Insights from Craig Lipset, Co-Founder of the Decentralized Trials & Research Alliance

Insights from Craig Lipset, Co-Founder of the Decentralized Trials & Research Alliance

Logo of the DTRA and photo of Craig Lipset courtesy of the Decentralized Trials & Research Alliance.

In this interview, Craig Lipset, Co-Founder of the Decentralized Trials & Research Alliance, discusses the Alliance’s new glossary for industry and more.

The global virtual clinical trials market is valued at $8.3 billion in 2022 and is expected to expand at a compound annual growth rate (CAGR) of 5.7 percent to reach $12.9 billion by 2030. The COVID-19 pandemic has significantly impacted the market and many clinical research organizations (CROs) were quick to embrace decentralization capabilities.

The Decentralized Trials & Research Alliance (DTRA) was launched near the end of 2020 with a mission to “enable collaboration of stakeholders to accelerate the adoption of patient-focused, decentralized clinical trials (DCTs) and research within life sciences and healthcare through education and research.”

DTRA organizational members include life sciences and research companies, technology and service providers, patient advocacy organizations, regulatory agencies and site networks.

The DTRA is currently working on twelve initiatives to help develop strategic solutions for DCTs through collaboration. At the end of August, the DTRA released the first initiative, the DTRA Glossary, to ensure that consistent terminology is used within and between organizations and to provide a lexicon to describe different archetypes of DCTs.

Xtalks learned more about the DTRA and its first initiative through an email interview with Craig Lipset, Co-Founder and Co-Chairman of the DTRA. Read on to learn more!

What led you and Dr. Kalali to jointly start the DTRA? Was the DTRA founded before the start of the pandemic?

Craig Lipset: In the years prior to the pandemic, leaders advancing decentralized trials would convene in conference panels to discuss shared challenges. The DTRA was born from those conversations, as opportunities for collaboration to address these challenges needed a space to progress.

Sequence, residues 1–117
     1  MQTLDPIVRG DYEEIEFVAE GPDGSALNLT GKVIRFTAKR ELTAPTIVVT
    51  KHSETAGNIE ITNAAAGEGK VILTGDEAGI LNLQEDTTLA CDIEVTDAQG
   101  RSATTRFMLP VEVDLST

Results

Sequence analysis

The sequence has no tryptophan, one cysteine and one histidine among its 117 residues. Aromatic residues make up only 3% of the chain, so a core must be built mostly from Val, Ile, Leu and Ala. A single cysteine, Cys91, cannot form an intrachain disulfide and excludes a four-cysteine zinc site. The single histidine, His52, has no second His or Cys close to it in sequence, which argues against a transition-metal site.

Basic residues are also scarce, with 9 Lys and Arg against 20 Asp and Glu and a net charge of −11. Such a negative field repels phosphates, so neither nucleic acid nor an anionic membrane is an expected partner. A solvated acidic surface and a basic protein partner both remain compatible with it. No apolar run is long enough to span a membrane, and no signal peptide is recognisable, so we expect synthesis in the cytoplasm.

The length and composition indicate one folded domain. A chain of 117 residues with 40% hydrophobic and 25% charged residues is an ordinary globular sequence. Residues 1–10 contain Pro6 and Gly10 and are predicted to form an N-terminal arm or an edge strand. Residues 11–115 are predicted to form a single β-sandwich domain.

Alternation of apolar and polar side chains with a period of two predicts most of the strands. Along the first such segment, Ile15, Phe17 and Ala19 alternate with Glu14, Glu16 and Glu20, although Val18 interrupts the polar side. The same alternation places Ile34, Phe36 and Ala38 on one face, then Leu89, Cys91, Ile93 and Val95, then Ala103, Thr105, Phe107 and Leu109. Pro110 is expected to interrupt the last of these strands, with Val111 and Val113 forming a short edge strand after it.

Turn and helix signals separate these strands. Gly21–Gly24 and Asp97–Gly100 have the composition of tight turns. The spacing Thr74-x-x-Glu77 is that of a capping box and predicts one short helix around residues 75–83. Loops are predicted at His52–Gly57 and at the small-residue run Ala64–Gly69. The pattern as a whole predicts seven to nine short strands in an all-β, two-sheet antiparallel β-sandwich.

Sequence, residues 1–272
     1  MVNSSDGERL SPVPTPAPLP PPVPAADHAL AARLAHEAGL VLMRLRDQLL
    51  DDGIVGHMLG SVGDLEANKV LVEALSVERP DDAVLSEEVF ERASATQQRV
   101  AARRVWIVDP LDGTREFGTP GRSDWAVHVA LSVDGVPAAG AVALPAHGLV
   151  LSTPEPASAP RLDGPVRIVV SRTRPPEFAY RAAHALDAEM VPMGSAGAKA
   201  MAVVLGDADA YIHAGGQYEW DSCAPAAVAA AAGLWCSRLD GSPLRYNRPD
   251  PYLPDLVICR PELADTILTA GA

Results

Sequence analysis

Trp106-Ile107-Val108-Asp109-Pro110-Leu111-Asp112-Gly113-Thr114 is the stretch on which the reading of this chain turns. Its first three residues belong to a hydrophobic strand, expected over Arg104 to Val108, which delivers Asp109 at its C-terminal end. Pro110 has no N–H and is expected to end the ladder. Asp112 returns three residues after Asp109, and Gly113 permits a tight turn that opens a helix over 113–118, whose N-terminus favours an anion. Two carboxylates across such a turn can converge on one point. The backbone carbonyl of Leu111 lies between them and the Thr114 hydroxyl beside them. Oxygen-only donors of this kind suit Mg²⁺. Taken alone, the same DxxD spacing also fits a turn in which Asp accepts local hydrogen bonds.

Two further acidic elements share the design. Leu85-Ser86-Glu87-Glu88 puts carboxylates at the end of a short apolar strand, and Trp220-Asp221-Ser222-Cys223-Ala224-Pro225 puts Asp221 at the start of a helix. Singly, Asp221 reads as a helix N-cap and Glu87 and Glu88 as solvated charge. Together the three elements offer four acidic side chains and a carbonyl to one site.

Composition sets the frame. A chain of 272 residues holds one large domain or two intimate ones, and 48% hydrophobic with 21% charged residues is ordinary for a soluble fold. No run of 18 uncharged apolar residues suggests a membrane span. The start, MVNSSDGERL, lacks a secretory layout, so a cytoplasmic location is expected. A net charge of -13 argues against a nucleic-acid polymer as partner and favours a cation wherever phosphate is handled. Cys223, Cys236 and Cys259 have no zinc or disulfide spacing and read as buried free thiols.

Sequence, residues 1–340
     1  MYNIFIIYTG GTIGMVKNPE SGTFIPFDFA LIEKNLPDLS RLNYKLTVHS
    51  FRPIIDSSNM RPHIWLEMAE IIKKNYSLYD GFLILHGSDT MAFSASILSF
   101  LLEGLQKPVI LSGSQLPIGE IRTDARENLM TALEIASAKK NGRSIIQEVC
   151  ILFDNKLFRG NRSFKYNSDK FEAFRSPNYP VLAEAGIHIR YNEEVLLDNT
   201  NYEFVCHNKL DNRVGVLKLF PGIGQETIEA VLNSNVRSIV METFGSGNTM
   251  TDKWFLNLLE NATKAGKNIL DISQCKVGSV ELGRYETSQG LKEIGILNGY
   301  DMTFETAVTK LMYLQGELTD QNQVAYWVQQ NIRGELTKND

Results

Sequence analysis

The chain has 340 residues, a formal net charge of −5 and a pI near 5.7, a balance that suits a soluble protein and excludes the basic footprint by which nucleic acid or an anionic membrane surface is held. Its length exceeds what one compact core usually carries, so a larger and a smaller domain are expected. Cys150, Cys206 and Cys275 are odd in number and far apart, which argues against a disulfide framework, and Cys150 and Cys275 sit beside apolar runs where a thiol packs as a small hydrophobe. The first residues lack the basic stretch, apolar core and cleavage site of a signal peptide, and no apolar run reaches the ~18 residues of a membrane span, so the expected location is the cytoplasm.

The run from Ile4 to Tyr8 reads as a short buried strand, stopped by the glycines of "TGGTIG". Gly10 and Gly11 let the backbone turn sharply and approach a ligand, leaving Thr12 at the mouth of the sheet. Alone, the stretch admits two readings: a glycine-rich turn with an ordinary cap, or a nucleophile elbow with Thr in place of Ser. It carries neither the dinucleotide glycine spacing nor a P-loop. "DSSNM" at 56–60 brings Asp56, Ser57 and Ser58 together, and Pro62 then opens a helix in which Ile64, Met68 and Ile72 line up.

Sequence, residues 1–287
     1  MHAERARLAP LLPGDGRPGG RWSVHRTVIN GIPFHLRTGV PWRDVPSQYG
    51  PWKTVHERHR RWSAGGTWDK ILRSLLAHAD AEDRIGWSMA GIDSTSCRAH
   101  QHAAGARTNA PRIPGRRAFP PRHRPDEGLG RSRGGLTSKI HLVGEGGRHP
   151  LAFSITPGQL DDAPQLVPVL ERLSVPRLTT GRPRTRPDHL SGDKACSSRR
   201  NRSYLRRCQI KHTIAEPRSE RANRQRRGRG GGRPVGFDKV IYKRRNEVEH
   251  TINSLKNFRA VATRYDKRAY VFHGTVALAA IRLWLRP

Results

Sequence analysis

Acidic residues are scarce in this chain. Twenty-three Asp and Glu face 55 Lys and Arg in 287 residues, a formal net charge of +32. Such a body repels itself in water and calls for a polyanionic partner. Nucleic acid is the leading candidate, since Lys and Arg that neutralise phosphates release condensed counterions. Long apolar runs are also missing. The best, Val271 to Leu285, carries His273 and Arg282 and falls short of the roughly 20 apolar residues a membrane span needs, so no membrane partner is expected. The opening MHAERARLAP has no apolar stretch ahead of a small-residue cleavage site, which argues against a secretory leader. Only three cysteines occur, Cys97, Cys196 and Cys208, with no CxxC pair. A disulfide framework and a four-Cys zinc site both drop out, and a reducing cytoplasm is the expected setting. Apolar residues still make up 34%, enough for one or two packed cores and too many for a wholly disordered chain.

Planning for the DTRA preceded the pandemic, but the launch was delayed until late 2020 as the leaders in decentralized research were called to rapidly introduce DCT-based countermeasures as lockdowns placed medicine development pipelines in jeopardy.

What are some specific improvements you have seen with DCT technologies and the way DCTs are conducted since the start of the pandemic?

Craig Lipset: At the start of the pandemic organizations needed to aggressively introduce decentralized tools and methods in order to sustain portfolios. Temporary measures such as SOP waivers and protocol deviations were needed, and study-specific tools were found from technology and CRO partners wherever feasible.

Today organizations have been stabilizing their approaches for decentralized research. SOPs, training and protocol templates have been updated, and large organizations from pharma to CROs have increasingly implemented enterprise-level approaches and strategies. These are key steps toward the sustainable future of decentralized research.

What benefits does an organization have from being a DTRA member?

Craig Lipset: DTRA Member Organizations are defining and leading the initiatives that will ease the global adoption of decentralized research and drive the next transformation in medicine development at scale. They are establishing the priorities and initiatives, and driving the delivery of high quality solutions meant for all. Members are also able to learn and connect from across the DTRA community, from the DTRA membership platform to the Annual Meeting.

Congratulations to the DTRA for releasing the DTRA glossary! In your opinion, were there any terms that the DCT community should pay particular attention to?

Craig Lipset: The DTRA Glossary is an important first initiative toward easing adoption by removing the noise and confusion associated with not understanding one another. Central to this is simply to define “decentralized clinical trials” as an expansive term meant to include a range of archetypes as well as the use of both novel technologies and services. It is then critical to define the decentralized research methods themselves, so that study teams, investigators and partners can remove ambiguity and support adoption.

What comes next for the DTRA? What is the next initiative the DTRA plans to release?

Craig Lipset: DTRA members are advancing a portfolio of initiatives meant to ease the global adoption of decentralized research. We will have a steady stream of initiative releases in the coming weeks and months following the DTRA Annual Meeting taking place November 6th to 9th in Boston.

In addition to his work at the DTRA, Craig also currently serves on the Board of Directors for the Foundation for Sarcoidosis Research and the MedStar Health Research Institute. He is also an Adjunct Assistant Professor in Health Informatics at Rutgers University, and an Adjunct Instructor at the University of Rochester Center for Health & Technology. Craig was the Head of Clinical Innovation and Venture Partner at Pfizer and on the founding Operations Committee for TransCelerate Biopharma.